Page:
"We were informed we will not receive funding from USB in 2017," Sikora said. "Some states may receive funding from their local state checkoff boards for monitoring, but states that have little soybean acreage, such as Florida and Texas, will be not able to go this route, unfortunately."


Florida and Texas may not boast substantial soybean acres, but they do play a major role in the spread of soybean rust. It's in those states, as well as the southernmost edge of the Gulf Coast, where soybean rust spores hunker down for the winter, usually on kudzu leaves.

That gives the disease a head start on the southern soybean crop. In the deep South, farmers must usually treat for soybean rust (and other diseases) up to twice a year, depending on the weather. So far, common fungicides control the disease very well. But recent reports of soybean rust biotypes with resistance to strobilurin fungicides as well as reduced effectiveness of triazole fungicides in South America have made Sikora uneasy. After all, experts believed the original rust spores that invaded the U.S. on Hurricane Ivan came from Colombia and Brazil.

Because soybean rust is well controlled here, it's easy for farmers to get lax about it -- even with a fairly robust monitoring system still in place, Sikora said.

After two years of drought in 2010 and 2011 kept the disease tamped down in the deep South, some soybean farmers cut their fungicide passes the following year. "We saw anywhere from 10% to 60% yield loss in 2012 in southern Alabama, just because growers took their eye off the ball," Sikora said.

The disease likes wet, humid weather, but its development slows when temperatures creep above 85 degrees. It would actually do well farther north in the Soybean Belt, but high heat, dryness and time constraints have kept it below the Mason-Dixon line most years. Early summer tropical storm systems in the Gulf pose the biggest threat to a northern invasion but those have been quite rare in the past 150 years, Sikora noted.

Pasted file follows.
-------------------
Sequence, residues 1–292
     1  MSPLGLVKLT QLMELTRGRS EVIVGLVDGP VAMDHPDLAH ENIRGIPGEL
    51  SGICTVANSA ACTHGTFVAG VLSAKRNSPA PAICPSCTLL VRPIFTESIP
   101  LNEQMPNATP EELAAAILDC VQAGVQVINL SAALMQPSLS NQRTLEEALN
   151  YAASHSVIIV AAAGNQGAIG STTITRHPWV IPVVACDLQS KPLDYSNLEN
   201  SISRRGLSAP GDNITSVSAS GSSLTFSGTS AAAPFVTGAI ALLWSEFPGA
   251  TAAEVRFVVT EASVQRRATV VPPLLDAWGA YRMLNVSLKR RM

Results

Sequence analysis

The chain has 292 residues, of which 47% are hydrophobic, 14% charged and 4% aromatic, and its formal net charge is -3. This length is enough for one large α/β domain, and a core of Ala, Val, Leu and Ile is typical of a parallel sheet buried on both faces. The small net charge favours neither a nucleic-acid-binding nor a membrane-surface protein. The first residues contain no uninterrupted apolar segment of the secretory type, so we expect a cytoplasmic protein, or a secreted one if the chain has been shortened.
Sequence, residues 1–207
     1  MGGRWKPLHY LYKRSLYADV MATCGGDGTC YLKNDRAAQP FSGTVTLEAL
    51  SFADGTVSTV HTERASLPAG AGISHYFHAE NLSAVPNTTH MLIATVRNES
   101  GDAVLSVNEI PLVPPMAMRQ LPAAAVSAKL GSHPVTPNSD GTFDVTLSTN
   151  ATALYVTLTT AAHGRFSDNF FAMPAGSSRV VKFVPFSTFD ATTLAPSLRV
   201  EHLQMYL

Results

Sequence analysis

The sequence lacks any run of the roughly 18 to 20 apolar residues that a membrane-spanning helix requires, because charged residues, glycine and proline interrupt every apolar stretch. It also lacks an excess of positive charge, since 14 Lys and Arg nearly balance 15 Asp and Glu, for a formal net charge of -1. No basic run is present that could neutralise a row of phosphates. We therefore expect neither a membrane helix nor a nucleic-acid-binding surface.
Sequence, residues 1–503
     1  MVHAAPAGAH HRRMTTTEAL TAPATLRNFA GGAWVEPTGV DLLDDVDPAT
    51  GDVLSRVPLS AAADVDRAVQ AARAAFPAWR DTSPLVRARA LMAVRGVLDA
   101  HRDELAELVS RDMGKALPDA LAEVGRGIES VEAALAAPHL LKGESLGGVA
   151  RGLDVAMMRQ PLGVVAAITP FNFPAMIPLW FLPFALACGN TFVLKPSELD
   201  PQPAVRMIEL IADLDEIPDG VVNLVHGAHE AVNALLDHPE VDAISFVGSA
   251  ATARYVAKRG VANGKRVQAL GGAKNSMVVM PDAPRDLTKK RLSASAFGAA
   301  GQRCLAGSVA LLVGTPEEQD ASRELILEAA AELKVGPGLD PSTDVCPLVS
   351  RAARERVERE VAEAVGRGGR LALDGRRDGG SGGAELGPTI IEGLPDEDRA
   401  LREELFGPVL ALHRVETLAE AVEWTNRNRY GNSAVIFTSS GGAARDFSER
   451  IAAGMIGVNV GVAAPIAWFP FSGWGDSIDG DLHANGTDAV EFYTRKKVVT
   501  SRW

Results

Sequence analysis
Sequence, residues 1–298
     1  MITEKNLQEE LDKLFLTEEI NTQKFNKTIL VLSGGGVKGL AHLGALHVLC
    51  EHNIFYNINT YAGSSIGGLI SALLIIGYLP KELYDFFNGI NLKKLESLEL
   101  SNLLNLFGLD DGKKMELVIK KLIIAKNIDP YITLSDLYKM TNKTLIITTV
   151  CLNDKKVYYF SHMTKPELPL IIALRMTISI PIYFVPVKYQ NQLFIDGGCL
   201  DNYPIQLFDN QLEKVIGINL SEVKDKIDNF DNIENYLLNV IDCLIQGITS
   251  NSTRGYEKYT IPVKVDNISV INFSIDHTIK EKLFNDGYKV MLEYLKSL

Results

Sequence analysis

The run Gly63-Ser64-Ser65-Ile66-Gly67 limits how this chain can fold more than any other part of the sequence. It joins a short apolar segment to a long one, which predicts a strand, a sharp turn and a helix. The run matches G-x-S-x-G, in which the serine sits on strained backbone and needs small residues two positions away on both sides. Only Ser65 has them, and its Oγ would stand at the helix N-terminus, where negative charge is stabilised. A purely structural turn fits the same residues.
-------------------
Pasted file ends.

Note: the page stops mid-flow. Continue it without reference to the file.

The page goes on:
A warming climate could allow the disease to overwinter farther north on kudzu and volunteer soybeans and get an earlier start, he said. At the same time, increasing dry spells would slow it down.

In short, experts don't know what rust's future looks like in the U.S., but Sikora is fairly confident what will happen as the USB funding for monitoring efforts dries up.

Plant pathologists along the Gulf Coast will have a smaller pool of state checkoff funding from which to pull. It will be harder, if not impossible, to hire scouts to help them travel hundreds of miles around the state, which is required for an adequate monitoring system, he said.

In Florida and Texas, where no soybean checkoff boards exist, no monitoring efforts will be funded at all.

In the past, these states have filled an integral role as an early monitoring system for their northern colleagues, Bradley noted. He relies on reports from these areas to alert him if Kentucky fields should be scouted for the disease. "Without them, we could be blindsided," he said.

Farther north, the state of Illinois doesn't even have an Extension plant pathologist to watch for these Southern alarm bells and to officially monitor for the disease. "Frankly, I don't feel confident that we know what the distribution might be anymore," said Suzanne Bissonnette, assistant dean of Agriculture and Natural Resources at the University of Illinois. "It started early this year and was very prevalent in the South. Given our weather, we would have expected it to come up earlier. We don't suspect any yield impact, but it would be nice to know if there is some."

Sikora also worries that once the plant pathologists familiar with soybean rust start to retire, their replacements may not keep up the shrunken monitoring system now in place.

"People will start to forget about soybean rust as we lose expertise," he said. "And that could be catastrophic to southern growers as time goes by."

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Emily Unglesbee